A cocktail bar boy whose Padma Shri-winning mom "died with her ghungroos on" makes one false move and his dreams come crashing down.
On a reality show, his dance troupe, Mumbai Stunners, performs an act lifted from the repertoire of the Filipino All Stars.
They are brutally exposed by the judges (including the film's choreographer and director Remo D'Souza) and banished into oblivion.
The copycats become butts of ridicule wherever they are: Suresh (Varun Dhawan) in his watering hole and Vinnie (Shraddha Kapoor) in the beauty salon she works for.
Pizza delivery guy Vernon (Sushant Pujari) faces much worse: a customer refuses to pay him because he is a cheat.
At this rate every other maker of Mumbai movies and Hindi film music should be distributing free pizzas to the world by way of punishment for plagiarism!
How the disgraced hero and his motley group of hip hop hot steppers pick themselves up and claw their way back forms the spine of ABCD 2.
Song and dance is, needless to say, a Bollywood staple, but pure dance films are rare. Rarer still is a 3D dance film. But whatever novelty ABCD 2 delivers is only skin deep.
The story it tells is as hackneyed as they come: the young protagonists, led by an inspirational dance guru (Prabhu Deva) who has a back story of his own, travel from the dark, dank school of hard knocks to the bright lights and distracting inducements of Las Vegas to bask in global glory.
All through this two-and-a-half-hour sequel to the 2013 3D hit, ABCD - Any Body Can Dance, the dance steps are dazzlingly dramatic.
But that is the very least you would expect from a film helmed by a choreographer and featuring Prabhu Deva in a pivotal role.
Sadly, the drama that the screenplay (Tushar Hiranandani and Remo D'Souza) whips up is strictly for dunces.
Ignore the latter and you might enjoy parts of the former. With a cast crammed with energetic guys who need no provocation to set the dance floor on fire, ABCD 2 delivers passages of stunning musical calisthenics.
Varun Dhawan is no mug at this game and he holds his own alongside the likes of Sushant Pujari, Dharmesh Yelande, Raghav Juyal, Punit Pathak and Lauren Gottlieb.
The only non-dancer in the principal cast is Shraddha Kapoor, but she too melds perfectly into this cheerfully breathless world where everybody is a master twirler.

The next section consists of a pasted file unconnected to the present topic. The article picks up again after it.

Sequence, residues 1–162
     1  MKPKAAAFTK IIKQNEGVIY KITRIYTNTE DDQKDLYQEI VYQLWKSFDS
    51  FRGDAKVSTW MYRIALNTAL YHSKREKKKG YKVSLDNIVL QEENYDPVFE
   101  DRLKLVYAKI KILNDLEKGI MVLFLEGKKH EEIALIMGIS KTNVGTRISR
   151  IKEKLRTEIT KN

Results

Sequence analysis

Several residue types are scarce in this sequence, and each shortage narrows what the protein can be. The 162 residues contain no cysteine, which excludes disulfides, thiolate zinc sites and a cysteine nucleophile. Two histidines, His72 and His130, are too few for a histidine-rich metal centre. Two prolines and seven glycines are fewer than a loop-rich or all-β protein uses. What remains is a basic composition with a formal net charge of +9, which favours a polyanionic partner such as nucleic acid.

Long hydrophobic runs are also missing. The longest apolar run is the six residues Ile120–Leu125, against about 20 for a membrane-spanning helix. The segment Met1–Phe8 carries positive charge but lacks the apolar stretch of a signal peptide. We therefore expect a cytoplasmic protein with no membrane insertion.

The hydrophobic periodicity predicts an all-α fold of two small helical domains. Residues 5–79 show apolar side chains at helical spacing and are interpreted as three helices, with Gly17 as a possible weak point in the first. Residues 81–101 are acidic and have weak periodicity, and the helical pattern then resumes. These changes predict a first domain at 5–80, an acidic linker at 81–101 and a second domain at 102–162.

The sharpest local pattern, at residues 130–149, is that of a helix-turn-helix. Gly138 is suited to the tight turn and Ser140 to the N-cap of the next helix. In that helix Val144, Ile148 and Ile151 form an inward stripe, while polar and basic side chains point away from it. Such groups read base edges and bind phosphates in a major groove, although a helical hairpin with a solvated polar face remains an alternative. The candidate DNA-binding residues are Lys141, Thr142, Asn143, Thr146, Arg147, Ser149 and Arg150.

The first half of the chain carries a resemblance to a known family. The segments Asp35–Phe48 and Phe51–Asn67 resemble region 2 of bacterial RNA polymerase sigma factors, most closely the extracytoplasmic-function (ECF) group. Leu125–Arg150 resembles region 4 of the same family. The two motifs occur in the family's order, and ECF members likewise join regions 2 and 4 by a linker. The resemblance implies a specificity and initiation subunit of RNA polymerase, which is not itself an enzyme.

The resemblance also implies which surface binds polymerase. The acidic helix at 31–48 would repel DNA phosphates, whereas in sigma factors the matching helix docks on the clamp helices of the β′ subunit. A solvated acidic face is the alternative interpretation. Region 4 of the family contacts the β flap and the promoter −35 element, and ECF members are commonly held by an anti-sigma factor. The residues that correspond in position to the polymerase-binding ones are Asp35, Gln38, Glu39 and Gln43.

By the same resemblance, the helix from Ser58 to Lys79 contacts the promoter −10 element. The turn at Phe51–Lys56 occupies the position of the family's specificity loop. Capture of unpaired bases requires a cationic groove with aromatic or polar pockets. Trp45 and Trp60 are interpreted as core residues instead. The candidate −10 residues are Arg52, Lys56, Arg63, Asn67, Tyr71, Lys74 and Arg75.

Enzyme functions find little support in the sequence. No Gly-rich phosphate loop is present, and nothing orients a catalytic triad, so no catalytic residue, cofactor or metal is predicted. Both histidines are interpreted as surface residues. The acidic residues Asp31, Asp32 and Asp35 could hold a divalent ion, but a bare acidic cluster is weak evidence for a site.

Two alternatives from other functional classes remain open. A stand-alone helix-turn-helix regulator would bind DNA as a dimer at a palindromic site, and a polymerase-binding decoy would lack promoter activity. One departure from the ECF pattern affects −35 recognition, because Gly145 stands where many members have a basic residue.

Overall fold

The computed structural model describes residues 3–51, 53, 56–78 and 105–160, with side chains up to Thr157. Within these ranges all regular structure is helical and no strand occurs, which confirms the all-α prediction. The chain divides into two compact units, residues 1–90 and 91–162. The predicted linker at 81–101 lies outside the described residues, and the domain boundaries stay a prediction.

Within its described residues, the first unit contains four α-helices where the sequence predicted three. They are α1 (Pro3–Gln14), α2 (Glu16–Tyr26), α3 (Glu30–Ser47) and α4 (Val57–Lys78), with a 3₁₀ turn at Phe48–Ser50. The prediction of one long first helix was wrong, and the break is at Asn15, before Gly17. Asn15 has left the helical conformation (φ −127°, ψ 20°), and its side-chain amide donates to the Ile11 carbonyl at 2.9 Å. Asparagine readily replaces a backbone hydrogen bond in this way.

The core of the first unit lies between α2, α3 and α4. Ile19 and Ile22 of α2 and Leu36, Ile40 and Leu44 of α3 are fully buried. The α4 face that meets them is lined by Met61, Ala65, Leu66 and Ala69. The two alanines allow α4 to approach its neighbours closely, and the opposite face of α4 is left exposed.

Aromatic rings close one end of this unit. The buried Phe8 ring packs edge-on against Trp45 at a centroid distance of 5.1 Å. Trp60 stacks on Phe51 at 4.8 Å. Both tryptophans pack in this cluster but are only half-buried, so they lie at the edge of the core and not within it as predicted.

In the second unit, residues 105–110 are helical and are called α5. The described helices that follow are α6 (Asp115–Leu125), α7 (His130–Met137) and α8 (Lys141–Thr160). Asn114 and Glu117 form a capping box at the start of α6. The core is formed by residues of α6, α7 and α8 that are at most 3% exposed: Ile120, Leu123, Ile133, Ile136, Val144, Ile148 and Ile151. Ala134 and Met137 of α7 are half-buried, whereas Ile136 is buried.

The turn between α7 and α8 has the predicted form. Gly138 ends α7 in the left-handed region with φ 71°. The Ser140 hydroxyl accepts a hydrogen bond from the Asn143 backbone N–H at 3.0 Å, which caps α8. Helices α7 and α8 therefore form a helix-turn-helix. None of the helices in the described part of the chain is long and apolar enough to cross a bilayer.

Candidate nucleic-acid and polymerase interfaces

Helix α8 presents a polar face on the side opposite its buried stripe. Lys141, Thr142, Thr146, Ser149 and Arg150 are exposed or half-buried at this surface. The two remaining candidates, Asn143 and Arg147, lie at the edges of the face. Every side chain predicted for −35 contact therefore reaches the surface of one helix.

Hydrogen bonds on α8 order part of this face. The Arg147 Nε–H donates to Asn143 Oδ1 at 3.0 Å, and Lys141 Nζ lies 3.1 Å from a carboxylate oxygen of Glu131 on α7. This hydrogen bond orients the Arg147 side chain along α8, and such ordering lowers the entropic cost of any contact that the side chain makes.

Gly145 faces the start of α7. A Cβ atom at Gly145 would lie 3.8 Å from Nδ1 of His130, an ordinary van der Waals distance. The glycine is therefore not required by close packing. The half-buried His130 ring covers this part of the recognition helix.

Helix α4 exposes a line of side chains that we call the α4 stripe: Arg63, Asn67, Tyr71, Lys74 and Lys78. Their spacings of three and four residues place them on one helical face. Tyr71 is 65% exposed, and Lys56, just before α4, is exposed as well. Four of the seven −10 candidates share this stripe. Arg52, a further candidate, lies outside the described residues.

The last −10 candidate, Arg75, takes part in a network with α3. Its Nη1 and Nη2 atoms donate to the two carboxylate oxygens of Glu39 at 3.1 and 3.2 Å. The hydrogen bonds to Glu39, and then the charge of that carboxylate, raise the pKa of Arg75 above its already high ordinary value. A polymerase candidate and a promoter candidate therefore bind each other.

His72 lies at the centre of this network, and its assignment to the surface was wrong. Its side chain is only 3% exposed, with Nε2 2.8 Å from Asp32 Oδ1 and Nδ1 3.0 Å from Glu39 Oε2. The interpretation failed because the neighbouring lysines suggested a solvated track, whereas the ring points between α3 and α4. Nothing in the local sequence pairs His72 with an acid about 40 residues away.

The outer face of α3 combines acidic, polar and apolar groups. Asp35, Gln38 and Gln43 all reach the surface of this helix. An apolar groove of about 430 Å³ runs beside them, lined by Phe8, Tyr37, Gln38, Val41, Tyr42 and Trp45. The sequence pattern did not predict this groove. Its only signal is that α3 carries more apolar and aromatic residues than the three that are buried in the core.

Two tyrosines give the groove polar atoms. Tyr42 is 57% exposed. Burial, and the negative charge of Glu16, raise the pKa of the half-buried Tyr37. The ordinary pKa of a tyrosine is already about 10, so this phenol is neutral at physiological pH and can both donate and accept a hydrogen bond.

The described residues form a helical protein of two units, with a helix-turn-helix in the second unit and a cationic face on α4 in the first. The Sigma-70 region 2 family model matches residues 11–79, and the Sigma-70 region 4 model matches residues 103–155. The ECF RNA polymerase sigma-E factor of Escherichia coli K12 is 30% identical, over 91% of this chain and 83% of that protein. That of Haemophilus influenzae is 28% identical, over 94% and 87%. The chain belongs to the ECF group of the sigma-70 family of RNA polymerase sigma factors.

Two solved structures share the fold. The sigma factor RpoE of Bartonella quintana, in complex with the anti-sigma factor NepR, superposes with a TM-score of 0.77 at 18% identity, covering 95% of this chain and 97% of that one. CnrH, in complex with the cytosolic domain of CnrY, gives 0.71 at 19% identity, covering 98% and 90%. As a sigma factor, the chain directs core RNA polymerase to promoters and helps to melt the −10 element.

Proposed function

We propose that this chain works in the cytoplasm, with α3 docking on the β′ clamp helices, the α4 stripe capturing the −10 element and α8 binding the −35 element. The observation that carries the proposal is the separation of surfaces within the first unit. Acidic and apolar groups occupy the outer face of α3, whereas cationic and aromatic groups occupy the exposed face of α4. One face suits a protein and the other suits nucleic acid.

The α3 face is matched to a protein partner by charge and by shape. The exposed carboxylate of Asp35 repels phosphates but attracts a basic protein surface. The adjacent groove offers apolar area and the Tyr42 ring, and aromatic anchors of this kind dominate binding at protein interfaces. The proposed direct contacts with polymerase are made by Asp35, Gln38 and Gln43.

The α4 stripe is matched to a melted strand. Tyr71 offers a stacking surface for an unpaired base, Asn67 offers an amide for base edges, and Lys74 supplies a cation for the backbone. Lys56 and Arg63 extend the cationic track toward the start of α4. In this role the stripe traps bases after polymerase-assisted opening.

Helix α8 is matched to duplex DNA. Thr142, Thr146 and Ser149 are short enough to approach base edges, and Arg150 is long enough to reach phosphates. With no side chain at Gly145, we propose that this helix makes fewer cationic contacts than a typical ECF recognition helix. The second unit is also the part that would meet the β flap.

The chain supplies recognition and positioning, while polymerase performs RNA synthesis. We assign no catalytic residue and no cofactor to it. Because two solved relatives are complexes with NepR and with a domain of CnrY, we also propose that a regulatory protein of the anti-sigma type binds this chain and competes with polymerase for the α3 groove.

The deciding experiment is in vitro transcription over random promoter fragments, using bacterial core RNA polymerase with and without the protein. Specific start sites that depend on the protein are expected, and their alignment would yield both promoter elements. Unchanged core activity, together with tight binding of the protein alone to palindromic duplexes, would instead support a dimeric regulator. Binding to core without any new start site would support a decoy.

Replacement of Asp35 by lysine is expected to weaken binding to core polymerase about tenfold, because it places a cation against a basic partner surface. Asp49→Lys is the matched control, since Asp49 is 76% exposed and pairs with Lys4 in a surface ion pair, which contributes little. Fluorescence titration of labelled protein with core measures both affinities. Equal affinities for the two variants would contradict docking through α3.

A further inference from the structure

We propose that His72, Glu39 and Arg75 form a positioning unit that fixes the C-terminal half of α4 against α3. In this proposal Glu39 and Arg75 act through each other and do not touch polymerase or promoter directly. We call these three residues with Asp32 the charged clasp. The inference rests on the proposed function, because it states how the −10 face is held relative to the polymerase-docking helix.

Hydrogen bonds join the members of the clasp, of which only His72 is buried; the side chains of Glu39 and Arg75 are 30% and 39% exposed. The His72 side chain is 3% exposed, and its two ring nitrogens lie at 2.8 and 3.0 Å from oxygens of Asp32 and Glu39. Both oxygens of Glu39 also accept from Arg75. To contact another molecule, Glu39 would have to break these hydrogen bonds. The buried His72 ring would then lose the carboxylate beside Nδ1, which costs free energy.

ABCD 2 is supposedly inspired by the exploits of two real-life Nalasopara boys who put India on the world map of hip hop in 2012 by winning the world championship in Las Vegas.
But there is little in the film that suggests that it has anything to do with the actual world.
Everything is larger than life in this unidimensional portrayal of a universe where passion for dance overshadows all else.
Despite its rather lame storyline, ABCD 2 does not scrimp one bit on melodrama. It throws the whole kitchen sink into the attempt to generate fervour for the fluttering flag.
As the film rushes helter-skelter towards its climax, the director pulls out all the familiar tropes from his little box of tricks.
Among these are an estranged wife (Tisca Chopra) now happily settled in the US, a separated son whose heart still beats for India, an injured dancer necessitating a hurried replacement and another one who coughs blood as the competition reaches a crescendo.
If that were not enough, the characters are given to unabashed displays of overarching religious zeal and, of course, much patriotic chest thumping and tricolour waving.
So we hear Bharat Mata Ki Jai on more than one occasion. Ditto Ganpati Bappa Morya. And while they are at it, can Vande Mataram be far behind?
Dance and desh bhakti make for a potent potion that quickly degenerates into cringe-worthy inanity.
After a tolerable first half, ABCD 2 turns increasingly corny with every passing post-interval sequence.
The wide-eyed Indian dancers go on a spin around Sin City on an open-top Big Bus, stop by at an Indian restaurant (run by Pooja Batra) and get into a brawl with a rival team. Pointless detours all.
There is a girl in the mix all right and another one gets added to the team in the second half. That apart, the boys, now called Indian Stunners, lose no opportunity to pay cacophonous lip service to the hero's departed mom and to 'Mother' India through the means of both slogan and song.
But in the big bad world of hip hop, muscular India cannot allow more than one girl to take centrestage at any given time. If that doesn't sum up what Bollywood is all about, nothing ever will.
Somebody asks Prabhu Deva's character: Who are you? His retort is the same old: Should I tell him or show him?
He proceeds to give onlookers an eye-popping demo of what he is known for before retreating firmly back into his drunken shell.
That pretty much is the story of ABCD 2: it shows us a great deal, but tells us little.
For dance freaks, there is much on offer. For lovers of cinema, ABCD 2 is a hazy blur of a movie.